Fat storage: coffee releases cortisol, known as the “stress hormone.” High amounts of cortisol are associated with low thyroid functioning, fatigue, sleep disruption, sugar cravings, and fat storage.
Here’s what really bugs me about coffee consumption: insomnia remains the number one sleep disorder in Canada. Thanks to our high-stress, fast-paced lifestyle, almost one quarter of Canadians say that most days are “quite a bit” or “extremely” stressful, according to Statistics Canada. These two factors lead to extreme adrenal fatigue that results in symptoms like: insomnia, digestive tract upsets, irritability, depression, fatigue, heart disease, PMS, menopausal syndromes, and more.
And yet, coffee has been linked to the very symptoms that many of us complain about the most: insomnia and a poor ability to handle stress. I ask you: if we’re all feeling stressed out and are having a hard time falling asleep to begin with, is it not a bit masochistic to down a beverage that simply aggravates these symptoms?
What many people also fail to realize is that although the antioxidant capacity of caffeinated coffee is slightly higher than decaf coffee, the benefits of improved glucose metabolism or increased antioxidant intake are still found in decaffeinated coffee. In other words, decaf coffee can provide many of the benefits of coffee without insomnia-causing and adrenal-fatiguing caffeine.
Also, cortisol levels also have a natural cycle throughout the day, peaking at 8am when we wake up and lowering around 4pm when most of us crave that sugary snack or fifth cup of coffee. Since coffee stimulates cortisol production, our body gets confused about when it’s supposed to be awake and when it’s supposed to be asleep. Find yourself waking up in the middle of the night for no reason? It’s because your natural cortisol cycle is out of whack.
And finally, if you’re someone who desperately needs that cup of coffee just to feel normal, you’re likely ignoring other issues in your body that need attention, such as dysglycemia (abnormal blood sugar levels), dysbiosis (imbalance of bacteria in your gut) or, of course, adrenal fatigue.
The Bottom Line
So, is coffee bad? Absolutely not. What isn’t great, though, is the amount of coffee many of us are drinking. While antioxidants and even caffeine are associated with some health benefits, needing coffee to improve your mood or focus is a sign that your other bodily systems are in dire need of attention. My advice is to try slowly wean yourself off it entirely, address these bodily symptoms, and then reintroduce it into your routine and stick to two cups a day at the most (normal cups, people, not two Starbucks Ventis).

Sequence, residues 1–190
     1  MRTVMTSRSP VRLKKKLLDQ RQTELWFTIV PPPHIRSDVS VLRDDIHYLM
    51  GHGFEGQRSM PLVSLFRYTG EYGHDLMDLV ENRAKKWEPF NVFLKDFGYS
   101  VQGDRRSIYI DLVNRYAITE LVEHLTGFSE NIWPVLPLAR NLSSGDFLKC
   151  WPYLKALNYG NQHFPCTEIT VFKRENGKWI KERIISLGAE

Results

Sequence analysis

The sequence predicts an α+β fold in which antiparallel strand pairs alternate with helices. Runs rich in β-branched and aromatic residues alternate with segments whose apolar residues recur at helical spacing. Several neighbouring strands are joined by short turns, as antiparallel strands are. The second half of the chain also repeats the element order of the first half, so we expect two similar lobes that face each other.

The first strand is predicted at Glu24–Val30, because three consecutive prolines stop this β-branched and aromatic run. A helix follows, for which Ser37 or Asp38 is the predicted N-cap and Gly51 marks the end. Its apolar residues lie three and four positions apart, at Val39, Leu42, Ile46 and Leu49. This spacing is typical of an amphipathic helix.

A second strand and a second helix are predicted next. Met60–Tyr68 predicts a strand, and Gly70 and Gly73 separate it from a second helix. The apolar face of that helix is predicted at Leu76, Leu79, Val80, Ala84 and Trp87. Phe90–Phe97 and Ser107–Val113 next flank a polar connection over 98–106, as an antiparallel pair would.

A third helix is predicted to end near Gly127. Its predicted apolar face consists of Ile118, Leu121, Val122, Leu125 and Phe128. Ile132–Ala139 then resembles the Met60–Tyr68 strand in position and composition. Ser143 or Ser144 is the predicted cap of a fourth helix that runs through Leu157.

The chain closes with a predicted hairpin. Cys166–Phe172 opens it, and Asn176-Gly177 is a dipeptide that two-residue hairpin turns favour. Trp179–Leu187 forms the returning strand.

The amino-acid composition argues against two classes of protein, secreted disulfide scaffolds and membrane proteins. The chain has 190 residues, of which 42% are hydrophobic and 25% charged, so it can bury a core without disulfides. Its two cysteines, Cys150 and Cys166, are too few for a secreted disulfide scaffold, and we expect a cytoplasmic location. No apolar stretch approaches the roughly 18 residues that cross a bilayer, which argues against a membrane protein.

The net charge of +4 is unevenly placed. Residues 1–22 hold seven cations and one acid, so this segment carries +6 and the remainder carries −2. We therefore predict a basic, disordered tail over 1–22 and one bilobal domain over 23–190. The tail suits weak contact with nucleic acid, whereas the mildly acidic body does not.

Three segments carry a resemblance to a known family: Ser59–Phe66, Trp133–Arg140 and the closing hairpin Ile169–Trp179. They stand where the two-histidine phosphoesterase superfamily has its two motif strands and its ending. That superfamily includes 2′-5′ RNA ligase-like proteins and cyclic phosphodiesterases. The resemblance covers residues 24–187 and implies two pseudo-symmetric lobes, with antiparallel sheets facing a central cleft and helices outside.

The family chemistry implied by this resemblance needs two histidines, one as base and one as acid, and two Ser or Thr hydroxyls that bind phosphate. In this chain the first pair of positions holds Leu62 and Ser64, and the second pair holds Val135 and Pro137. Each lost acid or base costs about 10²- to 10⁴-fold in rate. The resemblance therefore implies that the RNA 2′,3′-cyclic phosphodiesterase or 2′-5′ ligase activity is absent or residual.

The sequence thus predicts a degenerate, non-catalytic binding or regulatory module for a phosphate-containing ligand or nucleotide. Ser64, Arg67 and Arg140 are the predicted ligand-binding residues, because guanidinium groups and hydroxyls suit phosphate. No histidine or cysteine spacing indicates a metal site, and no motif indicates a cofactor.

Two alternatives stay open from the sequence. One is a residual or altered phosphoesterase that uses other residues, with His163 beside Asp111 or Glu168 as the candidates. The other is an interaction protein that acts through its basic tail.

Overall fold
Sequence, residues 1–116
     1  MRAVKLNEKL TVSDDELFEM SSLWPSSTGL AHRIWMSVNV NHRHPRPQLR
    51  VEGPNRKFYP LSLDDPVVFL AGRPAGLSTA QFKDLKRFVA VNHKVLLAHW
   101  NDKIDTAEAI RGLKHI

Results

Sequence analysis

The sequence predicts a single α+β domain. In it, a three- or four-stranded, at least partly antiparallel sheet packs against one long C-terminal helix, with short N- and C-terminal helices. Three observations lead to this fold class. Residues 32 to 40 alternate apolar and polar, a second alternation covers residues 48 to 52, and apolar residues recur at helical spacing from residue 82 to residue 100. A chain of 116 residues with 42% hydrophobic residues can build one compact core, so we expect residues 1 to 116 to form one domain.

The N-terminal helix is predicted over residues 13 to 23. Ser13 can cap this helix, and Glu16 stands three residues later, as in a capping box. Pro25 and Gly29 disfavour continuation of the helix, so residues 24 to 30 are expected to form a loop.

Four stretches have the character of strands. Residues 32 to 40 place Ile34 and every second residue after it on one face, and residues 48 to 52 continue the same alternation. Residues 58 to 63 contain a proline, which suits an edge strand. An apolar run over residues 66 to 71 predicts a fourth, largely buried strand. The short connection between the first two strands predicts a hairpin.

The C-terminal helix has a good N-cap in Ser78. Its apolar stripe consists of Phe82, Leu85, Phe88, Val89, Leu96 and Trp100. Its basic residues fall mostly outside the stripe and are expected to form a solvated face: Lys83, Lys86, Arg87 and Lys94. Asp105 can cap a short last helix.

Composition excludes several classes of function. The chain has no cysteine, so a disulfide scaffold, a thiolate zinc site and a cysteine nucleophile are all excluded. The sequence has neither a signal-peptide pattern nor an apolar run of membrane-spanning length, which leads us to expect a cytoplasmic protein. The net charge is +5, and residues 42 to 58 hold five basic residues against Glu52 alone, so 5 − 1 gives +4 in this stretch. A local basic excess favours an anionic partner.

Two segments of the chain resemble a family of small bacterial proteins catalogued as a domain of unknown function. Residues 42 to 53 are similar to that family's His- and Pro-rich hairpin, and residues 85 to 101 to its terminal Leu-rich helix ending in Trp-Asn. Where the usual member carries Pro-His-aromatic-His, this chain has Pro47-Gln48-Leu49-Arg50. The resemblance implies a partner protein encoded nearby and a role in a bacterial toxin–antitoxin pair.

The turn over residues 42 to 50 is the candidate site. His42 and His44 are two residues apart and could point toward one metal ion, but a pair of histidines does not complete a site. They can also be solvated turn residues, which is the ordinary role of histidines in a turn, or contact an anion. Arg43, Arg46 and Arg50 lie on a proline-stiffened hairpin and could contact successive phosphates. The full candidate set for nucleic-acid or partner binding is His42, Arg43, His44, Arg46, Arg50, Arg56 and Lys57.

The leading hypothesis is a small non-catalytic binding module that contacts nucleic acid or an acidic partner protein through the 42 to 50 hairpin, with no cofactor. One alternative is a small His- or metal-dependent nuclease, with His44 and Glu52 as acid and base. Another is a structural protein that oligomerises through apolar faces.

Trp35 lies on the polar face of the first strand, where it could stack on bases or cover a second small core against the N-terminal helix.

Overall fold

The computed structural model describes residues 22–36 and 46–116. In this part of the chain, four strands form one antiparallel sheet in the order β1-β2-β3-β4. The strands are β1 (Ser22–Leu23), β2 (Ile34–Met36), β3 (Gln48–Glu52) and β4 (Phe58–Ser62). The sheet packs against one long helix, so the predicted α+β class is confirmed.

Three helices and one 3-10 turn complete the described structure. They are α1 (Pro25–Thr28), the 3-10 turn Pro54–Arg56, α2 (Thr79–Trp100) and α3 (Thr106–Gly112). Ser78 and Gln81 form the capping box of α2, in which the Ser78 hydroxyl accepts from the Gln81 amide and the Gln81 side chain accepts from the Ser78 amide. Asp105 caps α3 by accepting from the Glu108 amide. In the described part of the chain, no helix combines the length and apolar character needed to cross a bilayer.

Here are some more tips:
1. Limit caffeine consumption to 200 - 400mg per day at the most.
NOTE: While caffeine content varies, a medium original blend coffee from Tim Hortons has 205mg of caffeine. My preference is that you only have ONE medium coffee from Tim’s in the morning.
2. Drink water. You need 1 cup of water for every cup of coffee you drink just to counteract its effects. So, if you drink two cups of coffee per day, have four cups of water to fully hydrate yourself.
3. Watch your portions. When research says drinking two cups of coffee a day doesn’t pose any health effects, they mean two literal cups. That doesn’t mean two Grande coffees from Starbucks.
4. Stop drinking coffee around 1:00p.m. Since its effects remain in your system for 4 - 6 hours, your body will be “caffeine-free” around 7pm and experience declining cortisol levels. Though this is a few hours past the time that cortisol levels naturally decline (at 4:00pm), you should be able to fall asleep when you hit the sheets later.
5. Stay away from coffee if you’re generally an anxious or stressed out person.
You Tell Me!
What are your thoughts on the coffee debate? Where do you stand? Let me know in the comments below!